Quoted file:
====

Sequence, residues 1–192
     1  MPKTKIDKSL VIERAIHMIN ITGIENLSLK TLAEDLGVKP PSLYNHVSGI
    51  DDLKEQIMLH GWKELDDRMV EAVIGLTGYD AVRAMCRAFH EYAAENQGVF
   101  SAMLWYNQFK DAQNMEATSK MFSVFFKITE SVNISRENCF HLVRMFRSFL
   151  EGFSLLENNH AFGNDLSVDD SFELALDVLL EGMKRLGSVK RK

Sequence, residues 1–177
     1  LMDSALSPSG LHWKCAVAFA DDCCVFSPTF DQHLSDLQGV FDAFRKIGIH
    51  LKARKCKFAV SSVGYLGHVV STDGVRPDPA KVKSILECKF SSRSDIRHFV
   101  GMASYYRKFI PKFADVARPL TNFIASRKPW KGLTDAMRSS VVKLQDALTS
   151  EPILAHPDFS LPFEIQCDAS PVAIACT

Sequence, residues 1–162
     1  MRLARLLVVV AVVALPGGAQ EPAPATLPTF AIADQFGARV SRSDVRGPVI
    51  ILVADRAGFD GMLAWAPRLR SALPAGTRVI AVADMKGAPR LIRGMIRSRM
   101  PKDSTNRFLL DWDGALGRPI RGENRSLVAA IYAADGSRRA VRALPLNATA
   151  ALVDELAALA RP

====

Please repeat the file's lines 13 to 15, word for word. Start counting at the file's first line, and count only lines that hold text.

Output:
    51  ILVADRAGFD GMLAWAPRLR SALPAGTRVI AVADMKGAPR LIRGMIRSRM
   101  PKDSTNRFLL DWDGALGRPI RGENRSLVAA IYAADGSRRA VRALPLNATA
   151  ALVDELAALA RP